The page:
Common Obstacles to Expect When Remodeling an Old Home

Buying a house is an exciting milestone. Making it your own, however, is a different story.  Whether you’re doing a whole-houses renovation or you’re simply thinking of redecorating, there’s a lot more to home remodeling than you might think.

Whether you’re doing minor repairs or major renovations, the process of home remodeling requires a significant amount of time and effort from all parties involved—especially if you’re working with an older property. At any time during the remodel, you can expect to encounter various obstacles that may have a huge impact on the outcome of your project.

To help you prepare for potential home remodeling hiccups, we’ve listed some of the more common ones below.

1. Foundation Issues.

Before you can transform an old home into a luxurious property, you need to make sure the foundation is solid. Problems in the home’s foundation can not only pose a serious health risk, but they can also discourage future sales. Properties built before 1940 often didn’t have sufficient water runoff grading, which greatly contributed to mold growth in basements.

Before you start your remodel, look for signs of foundation problems such as cracks in interior walls and floors, nails that come out of the drywall, and windows or doors that are stuck/won’t open.

2. Outdated Electrical and Plumbing Systems.

Before the 1960s, it was common to use galvanized pipes for indoor plumbing. The problem with such pipes is that they clog easily and are highly prone to corrosion. If your home remodeling project involves plumbing, have your existing pipes analyzed. If they are, indeed, galvanized, consider replacing them with safe, more modern options—like copper or PVC.

Older electrical systems also present potential health risks, as the laws that mandated electrical wiring and cabling back then are vastly different than the ones currently in place. For older properties, we highly recommended getting your wiring professional examined and, if needed, replaced.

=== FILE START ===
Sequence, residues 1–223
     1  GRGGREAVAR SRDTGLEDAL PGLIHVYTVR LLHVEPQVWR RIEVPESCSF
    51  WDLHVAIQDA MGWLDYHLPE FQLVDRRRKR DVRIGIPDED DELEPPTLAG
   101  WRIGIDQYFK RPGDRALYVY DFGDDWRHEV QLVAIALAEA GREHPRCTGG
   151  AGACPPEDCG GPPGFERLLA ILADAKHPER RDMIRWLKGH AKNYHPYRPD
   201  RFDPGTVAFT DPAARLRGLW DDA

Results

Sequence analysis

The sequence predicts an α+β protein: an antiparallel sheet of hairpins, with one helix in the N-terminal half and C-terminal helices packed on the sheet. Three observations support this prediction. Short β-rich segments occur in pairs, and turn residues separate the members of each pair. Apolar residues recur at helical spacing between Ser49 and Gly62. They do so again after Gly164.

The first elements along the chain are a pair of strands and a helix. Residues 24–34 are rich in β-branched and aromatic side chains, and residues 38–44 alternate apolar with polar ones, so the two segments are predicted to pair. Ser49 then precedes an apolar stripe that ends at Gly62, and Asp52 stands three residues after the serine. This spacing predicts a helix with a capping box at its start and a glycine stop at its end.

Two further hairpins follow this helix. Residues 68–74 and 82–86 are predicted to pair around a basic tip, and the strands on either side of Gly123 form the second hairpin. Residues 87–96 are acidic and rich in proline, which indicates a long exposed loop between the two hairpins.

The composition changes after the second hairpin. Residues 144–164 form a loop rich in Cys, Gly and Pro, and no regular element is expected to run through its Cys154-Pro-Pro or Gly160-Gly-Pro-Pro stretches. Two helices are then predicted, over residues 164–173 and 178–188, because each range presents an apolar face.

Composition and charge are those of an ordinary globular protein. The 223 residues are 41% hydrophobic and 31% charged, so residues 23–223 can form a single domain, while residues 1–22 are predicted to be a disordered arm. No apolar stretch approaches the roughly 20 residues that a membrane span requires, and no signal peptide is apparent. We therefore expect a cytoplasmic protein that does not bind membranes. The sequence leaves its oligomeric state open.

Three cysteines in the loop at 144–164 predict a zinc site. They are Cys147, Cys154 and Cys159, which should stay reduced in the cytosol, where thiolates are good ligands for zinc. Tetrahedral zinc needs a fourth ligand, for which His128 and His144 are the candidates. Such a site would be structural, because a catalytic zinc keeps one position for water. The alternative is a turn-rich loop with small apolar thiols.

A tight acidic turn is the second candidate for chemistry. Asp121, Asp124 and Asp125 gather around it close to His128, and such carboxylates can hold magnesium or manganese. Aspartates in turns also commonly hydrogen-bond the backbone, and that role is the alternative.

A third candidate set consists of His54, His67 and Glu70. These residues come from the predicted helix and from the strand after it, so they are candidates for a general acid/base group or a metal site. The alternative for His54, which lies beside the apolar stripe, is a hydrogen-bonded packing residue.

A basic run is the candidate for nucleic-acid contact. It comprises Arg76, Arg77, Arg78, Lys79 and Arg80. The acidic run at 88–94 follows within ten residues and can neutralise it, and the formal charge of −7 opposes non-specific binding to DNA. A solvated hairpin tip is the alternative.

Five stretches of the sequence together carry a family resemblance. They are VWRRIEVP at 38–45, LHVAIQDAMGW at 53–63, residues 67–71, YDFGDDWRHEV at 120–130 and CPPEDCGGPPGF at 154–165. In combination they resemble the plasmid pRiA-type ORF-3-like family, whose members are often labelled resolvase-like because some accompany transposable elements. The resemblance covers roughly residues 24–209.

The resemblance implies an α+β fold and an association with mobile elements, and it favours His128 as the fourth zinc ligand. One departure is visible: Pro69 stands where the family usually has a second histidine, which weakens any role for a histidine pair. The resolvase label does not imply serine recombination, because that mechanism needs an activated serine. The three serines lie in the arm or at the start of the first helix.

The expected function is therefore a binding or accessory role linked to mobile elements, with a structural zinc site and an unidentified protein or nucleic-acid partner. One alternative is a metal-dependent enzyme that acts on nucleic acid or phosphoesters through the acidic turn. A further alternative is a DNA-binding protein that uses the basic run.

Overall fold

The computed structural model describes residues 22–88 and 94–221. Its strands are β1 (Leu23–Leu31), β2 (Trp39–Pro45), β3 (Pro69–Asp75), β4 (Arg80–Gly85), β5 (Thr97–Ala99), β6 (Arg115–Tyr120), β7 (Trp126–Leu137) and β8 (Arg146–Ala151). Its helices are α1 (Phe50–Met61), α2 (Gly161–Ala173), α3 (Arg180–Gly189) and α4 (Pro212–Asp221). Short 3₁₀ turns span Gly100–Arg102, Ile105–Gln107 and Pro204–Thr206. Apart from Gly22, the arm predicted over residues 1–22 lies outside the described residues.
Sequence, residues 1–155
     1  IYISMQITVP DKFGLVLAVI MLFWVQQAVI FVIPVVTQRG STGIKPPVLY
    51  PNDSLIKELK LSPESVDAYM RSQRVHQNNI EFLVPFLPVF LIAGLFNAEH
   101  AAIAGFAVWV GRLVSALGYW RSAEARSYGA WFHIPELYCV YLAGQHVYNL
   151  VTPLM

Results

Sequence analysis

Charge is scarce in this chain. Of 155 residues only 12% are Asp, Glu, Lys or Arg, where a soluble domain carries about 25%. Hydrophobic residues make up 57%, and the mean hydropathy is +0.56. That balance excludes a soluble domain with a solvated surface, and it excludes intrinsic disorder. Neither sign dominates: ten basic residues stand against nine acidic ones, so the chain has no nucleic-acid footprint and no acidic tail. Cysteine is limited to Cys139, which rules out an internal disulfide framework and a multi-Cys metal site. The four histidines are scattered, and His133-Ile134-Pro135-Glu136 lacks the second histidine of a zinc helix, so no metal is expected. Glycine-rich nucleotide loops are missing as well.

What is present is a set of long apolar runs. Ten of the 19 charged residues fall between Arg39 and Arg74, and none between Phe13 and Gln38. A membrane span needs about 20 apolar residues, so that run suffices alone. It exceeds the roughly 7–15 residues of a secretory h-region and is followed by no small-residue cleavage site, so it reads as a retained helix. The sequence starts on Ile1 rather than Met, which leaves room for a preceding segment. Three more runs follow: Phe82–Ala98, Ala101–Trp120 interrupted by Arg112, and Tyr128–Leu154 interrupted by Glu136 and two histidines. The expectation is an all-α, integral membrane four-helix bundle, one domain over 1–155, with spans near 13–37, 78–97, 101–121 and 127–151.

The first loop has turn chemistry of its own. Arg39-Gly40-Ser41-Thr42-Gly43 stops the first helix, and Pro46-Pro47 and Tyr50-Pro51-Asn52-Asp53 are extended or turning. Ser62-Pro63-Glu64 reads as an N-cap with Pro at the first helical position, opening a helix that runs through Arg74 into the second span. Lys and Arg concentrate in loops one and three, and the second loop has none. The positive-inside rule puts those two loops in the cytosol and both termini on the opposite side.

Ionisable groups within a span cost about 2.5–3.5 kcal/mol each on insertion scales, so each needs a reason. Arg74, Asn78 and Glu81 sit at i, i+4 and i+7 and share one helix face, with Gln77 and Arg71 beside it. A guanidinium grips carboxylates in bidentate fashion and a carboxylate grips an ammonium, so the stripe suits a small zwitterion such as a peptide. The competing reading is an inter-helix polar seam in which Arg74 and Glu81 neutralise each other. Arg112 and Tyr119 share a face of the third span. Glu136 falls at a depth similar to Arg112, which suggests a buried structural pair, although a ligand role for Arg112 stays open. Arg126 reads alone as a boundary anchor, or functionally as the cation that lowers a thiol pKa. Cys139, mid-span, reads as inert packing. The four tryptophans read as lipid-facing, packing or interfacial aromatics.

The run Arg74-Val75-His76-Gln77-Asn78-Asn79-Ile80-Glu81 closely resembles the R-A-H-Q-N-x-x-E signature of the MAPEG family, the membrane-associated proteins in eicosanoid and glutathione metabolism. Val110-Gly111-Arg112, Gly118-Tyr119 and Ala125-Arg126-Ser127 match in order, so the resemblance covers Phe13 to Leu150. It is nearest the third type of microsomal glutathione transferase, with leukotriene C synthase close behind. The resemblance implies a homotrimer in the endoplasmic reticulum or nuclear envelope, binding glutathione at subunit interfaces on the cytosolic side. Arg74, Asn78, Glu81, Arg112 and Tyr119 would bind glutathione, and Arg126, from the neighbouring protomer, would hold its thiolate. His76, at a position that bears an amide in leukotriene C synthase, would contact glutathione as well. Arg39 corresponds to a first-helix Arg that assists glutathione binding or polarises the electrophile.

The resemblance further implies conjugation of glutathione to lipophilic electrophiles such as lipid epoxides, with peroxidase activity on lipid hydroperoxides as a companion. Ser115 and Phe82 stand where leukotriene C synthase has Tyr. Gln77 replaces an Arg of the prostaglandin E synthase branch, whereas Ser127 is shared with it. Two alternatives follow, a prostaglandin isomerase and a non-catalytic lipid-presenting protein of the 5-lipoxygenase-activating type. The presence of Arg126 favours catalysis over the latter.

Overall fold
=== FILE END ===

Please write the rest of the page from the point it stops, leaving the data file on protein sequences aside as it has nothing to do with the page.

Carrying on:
3. Properties Not Up to Code.

Home RemodelingResidential code should always be followed in all kinds of construction to avoid potential legal issues. If your property is older, you need to make sure that it’s still compliant with current residential codes. Work with your contractor to ensure that your whole remodeling project is legal and code-compliant. This will protect both the people living in your home and your valued investment in your property.

4. Mold and Dry Rot.

Another common problem with older homes is mold, which is most likely to show up in areas where water can easily seep through. Common culprits? Leaky pipes, basement walls, and slanted roofing. Before starting your home remodeling project, have a professional examine these areas in your home just to make sure the chance of rot forming is minimal.

That’s not all. The moisture that contributes to mold formation can also lead to dry rot. It attracts a type of fungus that feeds on wood, eventually weakening it. Over time, the affected material becomes brittle and cracked. Not long after that, it can completely break down.

Dry rot typically affects homes that have not been treated for rot damage prevention. If you haven’t had your home looked at, pre-remodel is as good a time as any to get a thorough checkup.

5. Presence of Lead Paint.

Lead paint is a harmful material that is usually found in homes built before 1978—the year when the federal government finally banned its use.

Before your remodel, have your property examined for any trace of lead-based paint—especially if you’re planning some major repairs, repainting, or renovations. Lead paint isn’t dangerous as long as it remains undisturbed. The moment it breaks, chips, peels, or scrapes, then it becomes a serious health hazard. So before you do any large or full-scale remodeling projects, have a professional verify that your home is free of lead.

Getting Assistance from Home Remodeling Professionals

Unlike newer properties, older homes have a unique charm—making them a popular choice for many buyers and homeowners who love home remodeling and redesigning. If you own an old home, be aware of the issues mentioned above. This sort of knowledge can help you and your family stay safe and protected as you create your dream home.

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